Reynolds v. Social Security Administration Commissioner

Filing 11

MEMORANDUM OPINION. Signed by Honorable Erin L. Setser on November 2, 2010. (src)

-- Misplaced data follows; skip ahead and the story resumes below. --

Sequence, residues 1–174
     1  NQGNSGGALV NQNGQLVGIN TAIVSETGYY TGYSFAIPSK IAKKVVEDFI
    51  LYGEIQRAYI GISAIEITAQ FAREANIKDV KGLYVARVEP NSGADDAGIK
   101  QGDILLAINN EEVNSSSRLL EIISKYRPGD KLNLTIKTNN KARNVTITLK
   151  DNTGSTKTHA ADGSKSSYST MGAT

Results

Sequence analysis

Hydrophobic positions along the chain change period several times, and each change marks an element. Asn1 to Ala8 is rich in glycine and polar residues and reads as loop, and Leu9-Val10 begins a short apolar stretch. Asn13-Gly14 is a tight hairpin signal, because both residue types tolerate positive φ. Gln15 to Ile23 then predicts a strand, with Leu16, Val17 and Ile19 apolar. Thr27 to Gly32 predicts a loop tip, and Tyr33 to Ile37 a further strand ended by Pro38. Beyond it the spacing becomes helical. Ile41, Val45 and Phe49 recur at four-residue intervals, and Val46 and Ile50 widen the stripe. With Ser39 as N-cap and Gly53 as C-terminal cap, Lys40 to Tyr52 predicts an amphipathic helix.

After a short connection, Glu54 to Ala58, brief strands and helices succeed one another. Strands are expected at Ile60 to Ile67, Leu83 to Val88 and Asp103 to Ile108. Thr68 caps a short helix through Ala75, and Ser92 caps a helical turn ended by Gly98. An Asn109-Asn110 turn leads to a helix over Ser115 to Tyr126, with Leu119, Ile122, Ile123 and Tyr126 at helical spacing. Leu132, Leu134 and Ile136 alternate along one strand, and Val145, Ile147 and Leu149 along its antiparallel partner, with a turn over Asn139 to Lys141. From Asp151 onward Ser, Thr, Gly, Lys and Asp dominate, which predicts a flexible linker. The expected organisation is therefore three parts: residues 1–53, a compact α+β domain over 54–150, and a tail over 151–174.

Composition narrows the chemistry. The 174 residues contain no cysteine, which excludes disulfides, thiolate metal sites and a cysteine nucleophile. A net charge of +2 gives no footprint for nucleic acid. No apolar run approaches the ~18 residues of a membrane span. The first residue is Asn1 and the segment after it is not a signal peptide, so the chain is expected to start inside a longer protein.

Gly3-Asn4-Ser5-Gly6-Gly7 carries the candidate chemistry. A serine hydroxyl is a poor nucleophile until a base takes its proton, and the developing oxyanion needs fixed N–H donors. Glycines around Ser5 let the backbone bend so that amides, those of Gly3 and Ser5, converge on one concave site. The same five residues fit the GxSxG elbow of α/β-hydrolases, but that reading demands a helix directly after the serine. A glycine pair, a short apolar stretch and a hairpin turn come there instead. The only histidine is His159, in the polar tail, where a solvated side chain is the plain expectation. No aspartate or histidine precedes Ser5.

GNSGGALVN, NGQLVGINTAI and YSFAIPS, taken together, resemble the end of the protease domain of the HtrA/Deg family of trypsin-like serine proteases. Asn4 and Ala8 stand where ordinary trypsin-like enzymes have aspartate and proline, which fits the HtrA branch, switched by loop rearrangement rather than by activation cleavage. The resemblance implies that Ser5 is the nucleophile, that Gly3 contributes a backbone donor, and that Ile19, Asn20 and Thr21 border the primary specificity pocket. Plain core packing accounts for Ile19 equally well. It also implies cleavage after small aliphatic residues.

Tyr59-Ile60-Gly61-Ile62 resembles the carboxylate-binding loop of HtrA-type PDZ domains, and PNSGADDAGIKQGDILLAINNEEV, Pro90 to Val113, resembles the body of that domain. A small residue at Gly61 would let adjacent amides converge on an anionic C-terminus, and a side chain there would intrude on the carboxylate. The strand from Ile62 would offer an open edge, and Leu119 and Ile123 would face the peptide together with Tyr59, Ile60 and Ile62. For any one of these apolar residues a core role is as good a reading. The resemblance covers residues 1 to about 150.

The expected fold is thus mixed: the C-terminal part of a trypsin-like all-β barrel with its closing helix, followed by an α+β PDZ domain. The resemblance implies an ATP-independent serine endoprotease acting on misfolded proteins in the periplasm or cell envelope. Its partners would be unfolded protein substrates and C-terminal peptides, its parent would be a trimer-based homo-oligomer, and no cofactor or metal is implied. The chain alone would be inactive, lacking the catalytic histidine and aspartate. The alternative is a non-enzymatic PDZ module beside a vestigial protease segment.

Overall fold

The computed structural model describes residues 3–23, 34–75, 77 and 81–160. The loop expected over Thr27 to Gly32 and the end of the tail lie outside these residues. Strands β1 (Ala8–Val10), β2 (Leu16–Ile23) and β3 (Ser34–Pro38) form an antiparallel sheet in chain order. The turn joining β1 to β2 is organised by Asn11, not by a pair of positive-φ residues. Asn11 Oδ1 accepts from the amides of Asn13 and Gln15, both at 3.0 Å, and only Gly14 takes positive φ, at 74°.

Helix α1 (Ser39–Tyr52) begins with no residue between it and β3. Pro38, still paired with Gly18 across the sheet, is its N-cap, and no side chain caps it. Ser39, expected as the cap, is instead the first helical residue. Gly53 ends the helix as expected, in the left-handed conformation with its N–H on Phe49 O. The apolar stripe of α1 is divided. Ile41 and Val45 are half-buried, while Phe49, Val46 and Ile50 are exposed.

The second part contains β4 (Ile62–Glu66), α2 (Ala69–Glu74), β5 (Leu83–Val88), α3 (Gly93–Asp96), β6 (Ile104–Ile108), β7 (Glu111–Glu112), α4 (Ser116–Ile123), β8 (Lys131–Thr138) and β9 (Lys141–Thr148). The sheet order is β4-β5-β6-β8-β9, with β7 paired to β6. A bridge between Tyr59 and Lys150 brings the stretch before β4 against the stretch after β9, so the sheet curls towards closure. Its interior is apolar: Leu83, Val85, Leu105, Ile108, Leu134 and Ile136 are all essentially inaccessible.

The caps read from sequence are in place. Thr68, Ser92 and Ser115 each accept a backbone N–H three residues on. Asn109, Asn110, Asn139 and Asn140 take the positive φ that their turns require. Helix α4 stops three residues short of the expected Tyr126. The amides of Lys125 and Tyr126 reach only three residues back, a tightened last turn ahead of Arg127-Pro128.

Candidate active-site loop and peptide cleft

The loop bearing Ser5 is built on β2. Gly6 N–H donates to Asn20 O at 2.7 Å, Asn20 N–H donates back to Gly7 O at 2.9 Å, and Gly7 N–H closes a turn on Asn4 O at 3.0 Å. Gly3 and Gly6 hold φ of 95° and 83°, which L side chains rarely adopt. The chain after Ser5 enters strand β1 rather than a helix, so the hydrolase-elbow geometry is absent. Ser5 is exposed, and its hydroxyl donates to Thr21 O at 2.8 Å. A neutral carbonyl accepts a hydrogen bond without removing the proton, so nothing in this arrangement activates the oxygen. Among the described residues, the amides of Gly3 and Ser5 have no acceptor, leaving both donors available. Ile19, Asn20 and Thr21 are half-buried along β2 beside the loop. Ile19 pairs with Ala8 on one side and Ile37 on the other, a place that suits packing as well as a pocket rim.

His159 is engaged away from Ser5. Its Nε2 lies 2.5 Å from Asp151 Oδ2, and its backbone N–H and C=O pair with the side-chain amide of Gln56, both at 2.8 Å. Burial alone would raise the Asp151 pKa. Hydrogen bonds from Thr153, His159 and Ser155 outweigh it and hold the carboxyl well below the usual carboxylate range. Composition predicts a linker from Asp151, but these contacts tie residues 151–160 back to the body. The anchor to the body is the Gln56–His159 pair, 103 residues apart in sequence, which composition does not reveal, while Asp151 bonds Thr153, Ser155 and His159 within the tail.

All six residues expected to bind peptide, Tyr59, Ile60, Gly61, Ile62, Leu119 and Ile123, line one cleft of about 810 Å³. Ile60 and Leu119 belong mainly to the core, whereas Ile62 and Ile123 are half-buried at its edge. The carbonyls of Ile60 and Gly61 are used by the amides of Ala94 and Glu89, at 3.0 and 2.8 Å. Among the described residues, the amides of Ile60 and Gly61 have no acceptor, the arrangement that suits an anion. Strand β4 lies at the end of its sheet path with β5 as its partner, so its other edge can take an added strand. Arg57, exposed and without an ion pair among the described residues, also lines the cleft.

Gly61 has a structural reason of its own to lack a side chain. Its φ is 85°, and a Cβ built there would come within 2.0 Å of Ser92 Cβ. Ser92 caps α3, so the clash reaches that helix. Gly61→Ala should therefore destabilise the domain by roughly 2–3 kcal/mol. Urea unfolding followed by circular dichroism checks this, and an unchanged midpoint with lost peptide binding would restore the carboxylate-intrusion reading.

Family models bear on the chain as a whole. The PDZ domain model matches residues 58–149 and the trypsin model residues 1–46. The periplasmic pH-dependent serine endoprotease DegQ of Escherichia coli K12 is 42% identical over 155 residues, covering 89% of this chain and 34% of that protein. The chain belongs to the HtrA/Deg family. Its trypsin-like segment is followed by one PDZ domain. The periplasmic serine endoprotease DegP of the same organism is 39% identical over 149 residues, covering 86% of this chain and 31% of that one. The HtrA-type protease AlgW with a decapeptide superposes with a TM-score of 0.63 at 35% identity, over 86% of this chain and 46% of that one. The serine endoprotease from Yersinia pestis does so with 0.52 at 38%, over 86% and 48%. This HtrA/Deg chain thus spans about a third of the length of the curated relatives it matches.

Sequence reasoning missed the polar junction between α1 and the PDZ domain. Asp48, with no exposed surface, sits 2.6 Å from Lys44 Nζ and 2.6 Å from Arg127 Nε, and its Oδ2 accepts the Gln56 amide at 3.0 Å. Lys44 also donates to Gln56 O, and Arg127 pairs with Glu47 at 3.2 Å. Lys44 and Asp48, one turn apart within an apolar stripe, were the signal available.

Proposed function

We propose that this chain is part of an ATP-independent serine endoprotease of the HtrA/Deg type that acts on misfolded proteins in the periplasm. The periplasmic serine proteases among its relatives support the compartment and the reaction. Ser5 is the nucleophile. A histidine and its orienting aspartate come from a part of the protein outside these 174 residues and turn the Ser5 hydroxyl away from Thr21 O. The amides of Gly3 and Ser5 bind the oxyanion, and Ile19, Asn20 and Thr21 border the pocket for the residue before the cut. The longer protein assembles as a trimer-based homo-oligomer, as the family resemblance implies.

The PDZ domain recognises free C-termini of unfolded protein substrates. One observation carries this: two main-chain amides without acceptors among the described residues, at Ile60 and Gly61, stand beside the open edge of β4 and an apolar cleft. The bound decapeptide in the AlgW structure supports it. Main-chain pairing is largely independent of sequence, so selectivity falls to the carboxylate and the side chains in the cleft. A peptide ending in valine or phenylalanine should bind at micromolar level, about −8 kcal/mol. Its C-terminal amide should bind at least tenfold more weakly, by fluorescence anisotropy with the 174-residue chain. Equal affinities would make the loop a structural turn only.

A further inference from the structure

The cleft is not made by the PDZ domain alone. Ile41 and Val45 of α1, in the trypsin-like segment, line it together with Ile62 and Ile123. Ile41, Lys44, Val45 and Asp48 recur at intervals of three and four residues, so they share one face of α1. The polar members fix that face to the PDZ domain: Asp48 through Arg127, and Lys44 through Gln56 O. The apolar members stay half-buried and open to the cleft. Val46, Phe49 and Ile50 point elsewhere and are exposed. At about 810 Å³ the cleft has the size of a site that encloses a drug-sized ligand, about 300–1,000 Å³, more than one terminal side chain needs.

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Reynolds v. Social Security Administration Commissioner Doc. 11 IN THE UNITED STATES DISTRICT COURT WESTERN DISTRICT OF ARKANSAS FAYETTEVILLE DIVISION THOMAS REYNOLDS V. MICHAEL J. ASTRUE, Commissioner of Social Security NO. 09-5182 PLAINTIFF DEFENDANT MEMORANDUM OPINION Plaintiff, Thomas Reynolds, brings this action pursuant to 42 U.S.C. 405(g), seeking judicial review of a decision of the Commissioner of the Social Security Administration (Commissioner) denying his claim for Supplemental Security Income (SSI) benefits under Title XVI of the Act. In this judicial review, the Court must determine whether there is substantial evidence in the administrative record to support the Commissioner's decision. See 42 U.S.C. 405(g). Procedural Background Plaintiff filed his application for SSI on April 3, 2007, alleging disability since May 31, 2006. (Tr. 104-106). A hearing was held before an Administrative Law Judge (ALJ) on December 11, 2008, where Plaintiff, Plaintiff's son, and a Vocational Expert (VE) appeared and testified. (Tr. 16-42). On April 27, 2009, the ALJ entered his decision, denying Plaintiff's request for SSI benefits. (Tr. 49-61) . The ALJ found that Plaintiff suffered from the severe impairment of epilepsy. (Tr. 54). However, the ALJ found that Plaintiff did not have an impairment or combination of impairments that met or medically equaled one of the listed impairments, and concluded that Plaintiff had the residual functional capacity (RFC) to: lift -1- AO72A (Rev. 8/82) and/or carry 50 pounds occasionally and 20 pounds frequently; sit 2 hours at one time; sit 6 hours in an 8-hour workday; stand 1 hour at a time; stand 4 hours in an 8-hour workday; walk 1 hour at a time; and walk 4 hours in an 8 hour workday. In addition, the ALJ found that the Plaintiff could engage in frequent use of his hands and feet; that he could occasionally climb and crawl, and that he could frequently balance, stoop, kneel and crouch. Further, the ALJ found that the Plaintiff could never work at unprotected heights or operate a motor vehicle; that he could occasionally work around moving mechanical parts, in humidity/wetness, around dust, odors, fumes and pulmonary irritants, in extreme cold/heat; occasionally work with vibrations; and that he could tolerate moderate exposure to noise. (Tr. 56). He found that Plaintiff would not be able to perform his past relevant work. However, with the assistance of the VE, the ALJ concluded that Plaintiff would be able to perform such jobs as charge account clerk or new account interviewer, office clerk, and production worker, bench assembly. (Tr. 60-61). Plaintiff's request for review was denied by the Appeals Council on July 24, 2009, and the decision of the ALJ therefore became the final decision of the Commissioner. (Tr. 3-7). Evidence Presented Plaintiff began having epileptic seizures in 1981. (Tr. 225). On February 16, 1998, Plaintiff was admitted to Baptist Medical Center, under the supervision of Dr. Victor Biton, for a continuous EEG video monitoring to determine his potential candidacy for epilepsy surgery as part of the treatment for his intractable1 epilepsy. (Tr. 225). At that time, Plaintiff described two types of seizures that he experienced. During one type, he would start with a feeling like he was about to have a seizure, would feel "it coming on," and had a sensation of "de ja vue." He 1 Intractable - Resistant to cure, relief, or control. Dorland's Illustrated Medical Dictionary 967 (31st ed. 2007). -2- AO72A (Rev. 8/82) would then start sweating profusely, have chills and feel confused. He could hear people talk around him, but could not understand what they said or respond to them. (Tr. 225). His hand would start to fidget, which would last from a few minutes to 15 minutes. Once the seizure was over, he would feel confused and disoriented for a few more minutes. (Tr. 225). During the second type of seizure, Plaintiff would fall down, tense up, his eyes would roll back, and he would begin having rhythmic jerking. On many occasions, he would bite his tongue. This seizure would last for a few minutes, but it would take him up to 1 and hours to fully recover from this type. (Tr. 225-26). According to Dr. Biton's report, Plaintiff had tried various medications, was allergic to Dilantin, and while he was on Tegretol, there was a behavioral change, and he became aggressive. Phenobarbitol did not seem to control his seizures and also caused some aggressive behavior. He tried Depakote, which did not control his seizures, and later, Neurontin was added, which did not seem to help. Later, Klonopin was added. At the conclusion of the EEG monitoring, which lasted four days, it was determined that the recording was borderline, due to a very slight impression of rare occurrence of left temporal slowing. (Tr. 234). No definite epileptiform activity was identified and no ictal events were captured. On March 1, 1998, Plaintiff was admitted to the Baptist Medical Center for a second EEG video monitoring, after he experienced two generalized tonic-clonic seizures. (Tr. 243). Unlike the previous recording, the findings of the second recording indicated focal encephalopathic process involving the temporal areas, the left greater than the right, and a structural abnormality to the area was considered epileptiform activity. (Tr. 253). The recording -3- AO72A (Rev. 8/82) was found to support the clinical diagnosis of epilepsy, most probably of the focal type.2 (Tr. 268). Plaintiff was started on Lamictal. (Tr. 253). In 1999 and 2000, Plaintiff presented himself to Dr. Charles Stinnett at Siloam Springs Medical Center. (Tr. 273-274, 339-340). Plaintiff was taking Tegretol during this time, and in 2000, was taking 400 mg. in the morning and 200 mg. in the evening. He was reported as having been seizure free "for a long period of time now" and the impression was "Seizure disorder doing quite well." (Tr. 273). A record dated July 31, 2003, from Barbara Wesner, RN, at St. Francis Clinic indicates "Seizure Disorder" and notes that Plaintiff was on 600 mg. of Tegretol and needed: the Doctor to call Susan @ Dr. Ewarl's office and make arrangements for pt. to get Rx from the manufacturer. Has meds for 7 wks. needs lab - Has not had lab for 2-3 yrs. Dr. Charles Stinnett is primary physician Last seizure Feb. 1998. On September 22, 2005, Plaintiff was admitted to Siloam Springs Memorial Hospital, and the admitting diagnosis was "seizure/combative behavior." At that time, it was reported that Plaintiff was not taking any medications and refused medications. (Tr. 299). Plaintiff was reported as "extremely combative on arrival requiring 10 staff members to control." (Tr. 306). Plaintiff was reported as biting a paramedic prior to arrival. (Tr. 306). During the course of the evaluation, Plaintiff required significant amounts of medications to sedate him in order for testing to be done. (Tr. 306). A CT of Plaintiff's head was taken, and it was found that there was some ventricular asymmetry with the left lateral ventricle being generally smaller than the right. (Tr. 331). Plaintiff was released from the hospital to his family on September 23, 2005, 2 Focal Epilepsy - Epilepsy consisting of focal seizures. Id. at 640. Focal seizure - partial seizure - Id. at 1713. -4- AO72A (Rev. 8/82) and was told not to drive. Plaintiff also refused medications. On October 7, 2005, Plaintiff again presented to Siloam Springs Memorial Hospital. He was reported as mowing at a golf course, when he started to seize, and ran the lawnmower off of an embankment into a creek. When EMS arrived, Plaintiff was actively seizing, with full body involvement. (Tr. 277). Plaintiff was reported as not taking seizure medicines, but was instead taking an "herbal" remedy for seizures. (T. 279). On October 10, 2005, Plaintiff presented himself to Dr. R. Dale Clemens, his treating physician, at the Community Physicians Group. (Tr. 337). His chief complaint was that he had two seizures since his last visit. Plaintiff was reported as having problems with some medication and went "for some time without having grand mal seizures." (Tr. 337). Dr. Clemens reported that Plaintiff needed a neurology evaluation. (Tr. 337). He advised Plaintiff to start Tegretal twice a day. (Tr. 337). On April 28, 2006, Plaintiff presented to Siloam Springs Memorial Hospital, having had another seizure. He reported noncompliance with his medications, because he was unable to afford them, and they "don't work well anyway." (Tr. 284, 286, 352-53) On May 30, 2007, Dr. Clemens completed a Seizure Disorder Questionnaire. (Tr. 417418). Dr. Clemens indicated that Plaintiff had epileptic episodes during daytime and possibly the nighttime. He stated that Plaintiff had a history of petit mal seizures, but that the more recent symptoms were suggestive of partial complex seizures. (Tr. 417). Dr. Clemens concluded that: Plaintiff could not safely drive; had a history of minimal injury during seizure and memory problems; that Plaintiff's symptoms were severe enough to interfere with attention and concentration; that Plaintiff would sometimes need to take unscheduled breaks during an 8 hour -5- AO72A (Rev. 8/82) work shift; that Plaintiff's impairments were likely to produce "good days" and "bad days;" that Plaintiff would average being absent from work more than two days per month; that Plaintiff could tolerate frequent exposure to marked temperature changes and exposure to noise; that Plaintiff could occasionally tolerate exposure to dust, fumes and gases; and that Plaintiff could "not at all" tolerate exposure to unprotected heights, being around moving machinery, and driving automotive equipment. (Tr. 418). On that same date, Dr. Clemens reported that Plaintiff brought disability papers to the office and that Plaintiff went for a period of time between 2002 to 2005 without seizures. He noted that the seizures recurred around August of 2005, and seemed to happen every two to six weeks. (Tr. 420). He reported that Plaintiff had significant periods of post ictal3 time, up to 36 hours of confusion, with no significant injuries. He stated that Plaintiff was not then on any medications, and that the last medication he took was Tegretol timed release. (Tr. 420). He was prescribed 200 mg. of Tegretol at that time. (Tr. 421). A Physical RFC Assessment was completed on June 18, 2007. In the Assessment, the physician reported that no exertional, manipulative, visual or communicative limitations were established. (Tr. 410-413). He also reported that Plaintiff could frequently climb ramps/stairs; balance, stoop, kneel, crouch, and crawl; could never climb ladders/ropes/scaffolds; and that Plaintiff's seizure disorder would preclude work at heights. (Tr. 411). With respect to environmental limitations, the physician found that Plaintiff could have unlimited exposure to extreme cold and extreme heat; wetness; humidity; noise; vibration; fumes; odors; dusts; gases; and poor ventilation, but should avoid all exposure to hazards (machinery, heights, etc.). (Tr. 413). The physician noted that medical records provided by Plaintiff during a period of time 3 Ictal - pertaining to, characterized by, or caused by a stroke or an acute epileptic seizure. Id. at 924. -6- AO72A (Rev. 8/82) from 1996 through 2001 indicated that Plaintiff was taking Tegretol for seizure control and was basically seizure free. He also reported that the available medical information supported the diagnosis and history of seizure disorder, but did not support a level of severity sufficient to preclude all work activity. (Tr. 413). On August 6, 2007, in Plaintiff's Disability Report - Appeal, Plaintiff stated that his seizures had increased to more than one per week. He also stated that the Tegretol he was taking for seizure control caused tiredness, irritability, and restlessness. (Tr. 169). In another disability report and a function report dated September 11, 2007, Plaintiff stated that he suffered from the side effects of depression, impotence and poor coordination from Tegretol, and that his condition affected his understanding, memory, following instructions, concentration and talking. (Tr. 174, 180). On September 13, 2007, Plaintiff's ex-wife completed a statement for the Social Security Administration, wherein she stated that she had seen well over 150 attacks or more since 1981 and that the last time she saw him have an attack was March of 2007. (Tr. 193). She stated that the past year she had noticed Plaintiff's memory was getting very bad - both short term and long term. (Tr. 193). She also stated that in the past month, she was aware of him having four or five seizures. (Tr. 194). Plaintiff's son also completed a statement for the Social Security Administration on September 13, 2007, stating that he had seen Plaintiff have convulsions and blackouts probably 100 times or more. (Tr. 195). The son stated that Plaintiff had four seizures in the past month and that Plaintiff told him that if he did not take the medications, it was usually because of financial reasons. (Tr. 196). -7- AO72A (Rev. 8/82) On September 14, 2007, Plaintiff completed a statement for the Social Security Administration, stating that he had four seizures in the past month and thirty to thirty-five in the past year. (Tr. 192). He stated that he took Tegretol XR - 200 mg, for the attacks, which was prescribed by Dr. Clemens when he saw him on September 13, 2007. (Tr. 192). A statement by Plaintiff's ex-boss was also completed on September 18, 2007, wherein the ex-boss stated that he had seen Plaintiff have six or more seizures, the last one occurring in May of 2006. (Tr. 197). On April 11, 2008, Vicki H. Moore, an APN at St. Francis Clinic, reported that Plaintiff needed a refill for Tegretol, as he had two seizures in March. (Tr. 449). She noted that Tegretol worked best and that Plaintiff did not want to change dosage or increase the dosage at that time. (Tr. 449). Ms. Moore reported that she discussed the need to increase Tegretol to "therapeutic range 800 mg." and that was refused. Plaintiff saw Ms. Moore again on August 11, 2008, for a routine visit for a medicine refill. He reported having no problems with Tegretol. (Tr. 447). He stated that he had problems with his long-term memory. (Tr. 447). He stated that he had been on dual medications such as Neurontin, had seen a neurologist, and the medicines had been adjusted many times without improvement. (Tr. 447). The "Plan" set forth in Ms. Moore's record reflected that the "tegretol level is > $100.00 pt. cannot afford" and that "pt not wanting to change anything without Dr. Clemens involvement." (Tr. 447). On August 28, 2008, Dr. C.R. Magness conducted a General Physical Examination of Plaintiff. (Tr. 429-434). The diagnosis was: "Epilepsy; seizure medication intolerant; smokeless tobacco use; borderline HBP - situational depression." (Tr. 433). Dr. Magness found that there were no restrictions with Plaintiff's upper and lower extremities; that Plaintiff had good mental facilities; that he had poorly controlled epilepsy; and that Plaintiff was unemployable due to his -8- AO72A (Rev. 8/82) medical history. (Tr. 433). Dr. Magness completed a Medical Source Statement of Ability to do Work-Related Activities (physical), stating that frequent periods of rest in low stress situations were best with seizure disorders, and that Plaintiff had 20 years of "failed domestic situation due to medication intolerance and seizure management at home." (Tr. 217, 221). Applicable Law This Court's role is to determine whether the Commissioner's findings are supported by substantial evidence on the record as a whole. Ramirez v. Barnhart, 292 F. 3d 576, 583 (8th Cir. 2002). Substantial evidence is less than a preponderance but it is enough that a reasonable mind would find it adequate to support the Commissioner's decision. The ALJ's decision must be affirmed if the record contains substantial evidence to support it. Edwards v. Barnhart, 314 F. 3d 964, 966 (8th Cir. 2003). As long as there is substantial evidence in the record that supports the Commissioner's decision, the Court may not reverse it simply because substantial evidence exists in the record that would have supported a contrary outcome, or because the Court would have decided the case differently. Haley v. Massanari, 258 F.3d 742, 747 (8th Cir. 2001). In other words, if after reviewing the record, it is possible to draw two inconsistent positions from the evidence and one of those positions represents the findings of the ALJ, the decision of the ALJ must be affirmed. Young v. Apfel, 221 F. 3d 1065, 1068 (8th Cir. 2000). It is well established that a claimant for Social Security disability benefits has the burden of proving his disability by establishing a physical or mental disability that has lasted at least one year and that prevents him from engaging in any substantial gainful activity. Pearsall v. Massanari, 274 F. 3d 1211, 1217 (8th Cir. 2001); see also 42 U.S.C. 423(d)(1)(A), 1382c(a)(3)(A). The Act defines "physical or mental impairment" as "an impairment that results -9- AO72A (Rev. 8/82) from anatomical, physiological, or psychological abnormalities which are demonstrable by medically acceptable clinical and laboratory diagnostic techniques." 42 U.S.C. 423(d)(3), 1382(3)(D). A Plaintiff must show that his disability, not simply his impairment, has lasted for at least twelve consecutive months. The Commissioner's regulations require him to apply a five-step sequential evaluation process to each claim for disability benefits: (1) whether the claimant had engaged in substantial gainful activity since filing his claim; (2) whether the claimant had a severe physical and/or mental impairment or combination of impairments; (3) whether the impairment(s) met or equaled an impairment in the listings; (4) whether the impairment(s) prevented the claimant from doing past relevant work; and (5) whether the claimant was able to perform other work in the national economy given his age, education, and experience. See 20 C.F.R. 416.920. Only if the final stage is reached does the fact finder consider the Plaintiff's age, education, and work experience in light of his residual functional capacity (RFC). See McCoy v. Schwieker, 683 F.2d 1138, 1141-42 (8th Cir. 1982); 20 C.F.R. 416.920. Discussion The ALJ found that Plaintiff had the RFC to perform certain work. Although the ALJ "bears the primary responsibility for assessing a claimant's residual functional capacity based on all relevant evidence, the claimant's residual functional capacity is a medical question. Lauer v. Apfel, 245 F.3d 700, 704 (8th Cir. 2001); Roberts v. Apfel, 222 F.3d 466, 469 (8th Cir. 2000). The ALJ concluded that when Plaintiff was compliant with his medications/treatment, he would not experience seizures. The ALJ relied primarily upon the fact that medical records from 2000 until July 2003 showed that Plaintiff had been on Tegretol and had been seizure free since 1998, -10- AO72A (Rev. 8/82) and that there was no evidence that Plaintiff complained of recurring seizures until September 22, 2005, when Plaintiff was hospitalized at Siloam Springs Memorial Hospital after suffering a seizure. With regard to Plaintiff's failure to take his medications, there is no question that Plaintiff failed to take Tegretol consistently. The question is why did Plaintiff fail to take the Tegretol consistently and refuse to increase the dosage in 2008. There are numerous records indicating that Plaintiff was intolerant of many of the anti-seizure medications that were prescribed. Although the records indicate that Tegretol was the most effective medication, they also reflect that in 1998, while on Tegretol, there was a behavioral change, and Plaintiff became aggressive, and the drug was discontinued. Further, Plaintiff reported on several occasions that he was unable to afford the Tegretol. The ALJ relied upon the fact that records from Plaintiff's hospitalization in September of 2005 showed that he tested positive for Tetrahydrocannabinol, and the ALJ stated that "[a]pparently the claimant was able to purchase cannabis." (Tr. 58). The Eighth Circuit has held that if a claimant is unable to follow a prescribed regimen of medication and therapy to combat his disabilities because of financial hardship, that hardship may be taken into consideration when determining whether to award benefits. Murphy v. Sullivan, 953 F.2d 383, 386 (8th Cir. 1992). The Eighth Circuit has also held that a lack of sufficient financial resources to follow prescribed treatment to remedy a disabling impairment may be "an independent basis for finding justifiable cause for noncompliance [with prescribed treatment]," Brown v. Barnhart, 390 F.3d 535, 540(8th Cir.2004), quoting from Tome v. Schweiker, 724 F.2d 711, 714 (8th Cir. 1984). Although there were times when Plaintiff was recorded as not taking any medications, -11- AO72A (Rev. 8/82) there were also many times that Plaintiff was taking some dosage of Tegretol. There is nothing in the records before the Court to indicate that Plaintiff had access to free samples of Tegretol or had medical insurance coverage during the relevant time frame. In fact, the record reflects that Plaintiff did not have insurance coverage. The fact that Plaintiff may have tested positive for cannabis in 2005 does not, in and of itself, dilute Plaintiff's position that he was not able to afford Tegretol, which, according to one of the medical records, cost $100 for the prescription. (Tr. 447). There is no indication that the ALJ inquired as to whether the cannabis was purchased by Plaintiff or given to him. Therefore, there may be any number of justifiable reasons Plaintiff failed to take the medication: because it caused behavioral changes - i.e., made him aggressive; because Dr. Clemens was not consulted; because he could not afford it; because he tried it in the past and it did not help; or because, as Dr. Magness noted, he was "seizure medication intolerant." In any event, the fact that Plaintiff's seizures seemed to be under control between 2000 until 2005, while taking up to 600 mg. of Tegretol, does not necessarily mean that three years later, the same dosage would be as effective. The ALJ has a duty to fully and fairly develop the record. See Frankl v. Shalala, 47 F.3d 935, 938 (8th Cir. 1995); Freeman v. Apfel, 208 F.3d 687, 692 (8th Cir. 2000). This can be done by re-contacting medical sources and by ordering additional consultative examinations, if necessary. See 20 C.F.R. 404.1512. The ALJ's duty to fully and fairly develop the record is independent of Plaintiff's burden to press his case. Vossen v. Astrue, 612 F.3d 1011, 1016 (8th Cir. 2010). The Court is of the opinion that the ALJ failed to fully develop the record regarding the reasons Plaintiff did not always comply with prescribed medical treatment, some or all of which could be justified. -12- AO72A (Rev. 8/82) The ALJ also stated that although Dr. Clemens "referred him for a neurological evaluation" there was no evidence that Plaintiff saw one. In a medical record dated August 11, 2008, Vicki Moore, APN, reported that Plaintiff had seen a neurologist. However, the ALJ did not inquire of Plaintiff at the hearing, or of Plaintiff's treating physician, Dr. Clemens, by interrogatories, about any such visit, nor did the ALJ request the records from the neurologist. Upon remand, the ALJ should inquire about this further. If records from a neurologist can not be produced, the ALJ should direct Plaintiff to be examined by a neurologist, and request a physical RFC assessment from the neurologist. The ALJ gave little weight to Dr. Clemens, Plaintiff's treating physician, who, in 2007, found Plaintiff's symptoms were severe enough to interfere with his attention and concentration; that Plaintiff would sometimes need to take unscheduled breaks during an 8 hour work shift; and would require him being absent from work more than two days per month. The ALJ discredited Dr. Clemens because he had not seen Plaintiff in approximately a year and a half at the time he completed his form. The ALJ gave "greater weight" to the opinion of Dr. Magness, a consultative examiner. "A treating physician's opinion is given controlling weight if it `is well-supported by medically acceptable clinical and laboratory diagnostic techniques and is not inconsistent with the other substantial evidence in [a claimant's] case record.'" Halverson v. Astrue, 600 F.3d 922, 929 (8th Cir. 2010) quoting Tilley v. Astrue, 580 F.3d 675, 679 (8th Cir. 2009). Although Dr. Clemens had not seen Plaintiff between October of 2005 and May of 2007, his opinion is supported by Plaintiff's hospital visit in 2006 for treatment of seizures, and is not inconsistent with the other evidence presented to the ALJ. Further, even Dr. Magness, although finding that Plaintiff could lift/carry/stand/sit at certain levels, went on to state that Plaintiff was "seizure -13- AO72A (Rev. 8/82) medication intolerant" and "Unemployable - due to medical history." (Tr. 433). These appear to be inconsistent statements by Dr. Magness, and the Court believes that both Dr. Clemens and Dr. Magness raised questions about Plaintiff's ability to function in the workplace, and that the ALJ should inquire further from both of these physicians and then re-evaluate his position. The Court finds that the ALJ failed to fully develop the record and, accordingly, there is not substantial evidence to support his findings. Upon remand, the ALJ should: 1. Inquire as to the existence and availability of a neurologist's records and if none exist, have a neurologist examine Plaintiff and submit a Physical RFC Assessment; 2. Obtain additional information as to why Plaintiff was non-compliant with his prescribed medications; 3. Obtain a Physical RFC Assessment from Plaintiff's treating physician, Dr. Clemens and submit interrogatories to Dr. Magness relating to his inconsistent statements. Conclusion Based upon the foregoing, the undersigned reverses the decision of the ALJ and remands this case to the Commissioner for further consideration pursuant to sentence four of 42 U.S.C. 405(g). IT IS SO ORDERED this 2nd day of November, 2010. /s/ Erin L. Setser HON. ERIN L. SETSER UNITED STATES MAGISTRATE JUDGE -14- AO72A (Rev. 8/82)